Atomic-scale snapshots of a bimetallic nanoparticle catalyst in action could help improve the industrial process by which fuels and chemicals are synthesized from natural gas, coal or plant biomass.
A Glassy Look for Manganites: Berkeley Lab Researchers at the ALS Observe Glass-like Behavior in the Electron-Spins of PCMO Crystals
Researchers at the Advanced Light Source discovered a glass-like re-ordering of electron-spin states as manganite crystals recovered from a photo-excited conductor state back to an insulator state. The discovery holds promise for future ultrafast electronic switching and memory devices.
Researchers at Berkeley Lab’s Molecular Foundry have discovered a unique new two-dimensional semiconductor, rhenium disulfide, that behaves electronically as if it were a 2D monolayer even as a 3D bulk material. This not only opens the door to 2D electronic applications with a 3D material, it also makes it possible to study 2D physics with easy-to-make 3D crystals.
Berkeley Lab researchers at the Molecular Foundry have discovered surprising new rules for creating ultra-bright light-emitting crystals that are less than 10 nanometers in diameter. These ultra-tiny but ultra-bright nanoprobes should be a big asset for biological imaging, especially deep-tissue optical imaging of neurons in the brain.
Researchers at Berkeley and Argonne National Labs have discovered a highly promising new class of nanocatalysts for fuel cells and water-alkali electrolyzers that are an order of magnitude higher in activity than the target set by DOE for 2017.
The first “unambiguous demonstration” of the coherent transport of phonons – atomic-scale sound waves – opens the door to improved thermoelectrics and possibly even phonon lasers.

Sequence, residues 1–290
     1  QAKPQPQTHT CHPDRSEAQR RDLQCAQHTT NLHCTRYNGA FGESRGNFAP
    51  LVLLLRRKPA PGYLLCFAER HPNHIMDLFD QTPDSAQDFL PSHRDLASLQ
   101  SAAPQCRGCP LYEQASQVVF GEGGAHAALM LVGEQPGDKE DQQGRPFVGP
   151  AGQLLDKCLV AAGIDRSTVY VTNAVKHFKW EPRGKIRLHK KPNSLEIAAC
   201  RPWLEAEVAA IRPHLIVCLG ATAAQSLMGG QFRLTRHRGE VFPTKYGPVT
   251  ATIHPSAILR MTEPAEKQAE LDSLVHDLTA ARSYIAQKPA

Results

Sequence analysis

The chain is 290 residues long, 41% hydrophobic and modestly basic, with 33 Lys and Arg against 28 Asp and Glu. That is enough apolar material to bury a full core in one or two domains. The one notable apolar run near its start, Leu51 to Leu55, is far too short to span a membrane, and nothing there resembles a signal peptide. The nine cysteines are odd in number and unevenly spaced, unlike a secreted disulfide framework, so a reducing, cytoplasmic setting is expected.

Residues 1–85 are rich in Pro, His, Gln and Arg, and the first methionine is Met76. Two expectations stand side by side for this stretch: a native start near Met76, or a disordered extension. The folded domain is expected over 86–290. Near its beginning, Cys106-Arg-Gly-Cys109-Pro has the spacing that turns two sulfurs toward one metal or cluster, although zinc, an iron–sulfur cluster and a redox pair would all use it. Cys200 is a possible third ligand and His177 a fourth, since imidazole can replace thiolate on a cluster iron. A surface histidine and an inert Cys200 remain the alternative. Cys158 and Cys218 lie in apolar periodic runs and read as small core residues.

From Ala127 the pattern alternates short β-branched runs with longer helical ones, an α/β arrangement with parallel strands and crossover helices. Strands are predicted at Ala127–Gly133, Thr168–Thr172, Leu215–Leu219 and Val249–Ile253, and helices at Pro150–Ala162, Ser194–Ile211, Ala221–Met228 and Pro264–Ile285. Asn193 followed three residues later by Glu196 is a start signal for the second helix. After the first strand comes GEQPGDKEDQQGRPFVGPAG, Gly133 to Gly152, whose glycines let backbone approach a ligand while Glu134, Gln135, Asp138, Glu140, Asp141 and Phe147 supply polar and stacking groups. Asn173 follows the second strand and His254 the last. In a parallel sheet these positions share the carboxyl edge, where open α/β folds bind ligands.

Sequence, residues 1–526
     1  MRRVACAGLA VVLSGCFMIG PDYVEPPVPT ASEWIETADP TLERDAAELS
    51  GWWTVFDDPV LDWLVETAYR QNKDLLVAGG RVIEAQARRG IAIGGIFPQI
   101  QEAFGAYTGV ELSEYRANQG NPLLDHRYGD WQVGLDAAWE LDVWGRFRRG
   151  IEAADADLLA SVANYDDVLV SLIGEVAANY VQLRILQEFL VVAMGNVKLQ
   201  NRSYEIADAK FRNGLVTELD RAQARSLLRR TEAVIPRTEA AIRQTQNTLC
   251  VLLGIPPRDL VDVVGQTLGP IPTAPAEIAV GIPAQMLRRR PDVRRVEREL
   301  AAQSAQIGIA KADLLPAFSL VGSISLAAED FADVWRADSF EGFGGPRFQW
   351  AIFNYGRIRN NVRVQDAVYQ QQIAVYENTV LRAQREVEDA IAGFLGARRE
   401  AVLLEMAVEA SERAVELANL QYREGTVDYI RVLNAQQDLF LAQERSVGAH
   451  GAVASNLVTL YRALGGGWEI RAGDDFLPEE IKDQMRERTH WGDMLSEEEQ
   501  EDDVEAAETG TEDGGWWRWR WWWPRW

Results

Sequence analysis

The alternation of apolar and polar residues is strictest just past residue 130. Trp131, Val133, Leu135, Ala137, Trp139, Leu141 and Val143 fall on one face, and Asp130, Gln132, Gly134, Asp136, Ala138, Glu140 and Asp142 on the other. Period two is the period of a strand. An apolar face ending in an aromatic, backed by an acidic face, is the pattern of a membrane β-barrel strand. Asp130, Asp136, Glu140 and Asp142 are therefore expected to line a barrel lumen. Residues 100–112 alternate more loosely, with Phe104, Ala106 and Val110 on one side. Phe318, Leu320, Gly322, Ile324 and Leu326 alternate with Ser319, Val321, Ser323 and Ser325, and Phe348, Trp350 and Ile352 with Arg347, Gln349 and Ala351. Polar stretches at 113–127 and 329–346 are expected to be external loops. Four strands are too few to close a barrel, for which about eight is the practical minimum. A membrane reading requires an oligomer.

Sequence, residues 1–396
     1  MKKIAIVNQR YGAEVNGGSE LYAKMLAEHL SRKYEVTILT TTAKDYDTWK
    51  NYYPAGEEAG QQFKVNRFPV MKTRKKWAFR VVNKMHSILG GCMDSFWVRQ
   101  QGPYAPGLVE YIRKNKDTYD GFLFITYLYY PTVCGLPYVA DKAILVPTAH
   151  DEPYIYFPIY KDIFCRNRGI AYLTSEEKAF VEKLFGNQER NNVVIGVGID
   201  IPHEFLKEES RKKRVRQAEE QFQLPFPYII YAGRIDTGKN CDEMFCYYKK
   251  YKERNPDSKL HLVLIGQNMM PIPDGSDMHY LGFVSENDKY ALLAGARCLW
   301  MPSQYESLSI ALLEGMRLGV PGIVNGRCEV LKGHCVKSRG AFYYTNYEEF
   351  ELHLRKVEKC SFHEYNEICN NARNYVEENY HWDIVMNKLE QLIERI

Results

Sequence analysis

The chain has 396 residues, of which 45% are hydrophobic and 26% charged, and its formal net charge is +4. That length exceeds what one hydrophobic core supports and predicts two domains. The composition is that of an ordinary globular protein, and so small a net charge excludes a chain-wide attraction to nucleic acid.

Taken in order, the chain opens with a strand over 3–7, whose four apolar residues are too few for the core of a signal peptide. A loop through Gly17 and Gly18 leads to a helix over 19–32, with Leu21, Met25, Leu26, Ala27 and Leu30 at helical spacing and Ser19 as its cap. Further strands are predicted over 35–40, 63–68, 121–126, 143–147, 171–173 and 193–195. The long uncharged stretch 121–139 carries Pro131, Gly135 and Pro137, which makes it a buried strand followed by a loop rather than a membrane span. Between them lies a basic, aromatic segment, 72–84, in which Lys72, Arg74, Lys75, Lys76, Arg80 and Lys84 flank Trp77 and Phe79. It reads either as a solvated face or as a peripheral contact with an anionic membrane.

E-Whiskers: Berkeley Researchers Develop Highly Sensitive Tactile Sensors for Robotics and Other Applications
Researchers with Berkeley Lab and UC Berkeley have created e-whiskers – highly sensitive tactile sensors made from carbon nanotubes and silver nanoparticles that should have a wide range of applications including advanced robotics, human-machine interfaces, and biological and environmental sensors.
President Obama named four Berkeley Lab-affiliated researchers as recipients of the Presidential Early Career Awards for Scientists and Engineers, the highest honor bestowed by the United States Government on science and engineering professionals in the early stages of their independent research careers.
This year’s recently announced American Physical Society (APS) Fellows includes five scientists from Berkeley Lab, two from the Materials Sciences Division and one each from the Accelerator and Fusion Research, Nuclear Science, and Engineering divisions. APS Fellows are elected by their peers for “exceptional contributions to the physics enterprise; e.g., outstanding physics research, important applications of physics, leadership in or service to physics, or significant contributions to physics education.”
Berkeley Lab researchers have demonstrated a micro-sized robotic torsional muscle/motor made from vanadium dioxide that for its size is a thousand times more powerful than a human muscle, able to catapult objects 50 times heavier than itself over a distance five times its length faster than the blink of an eye.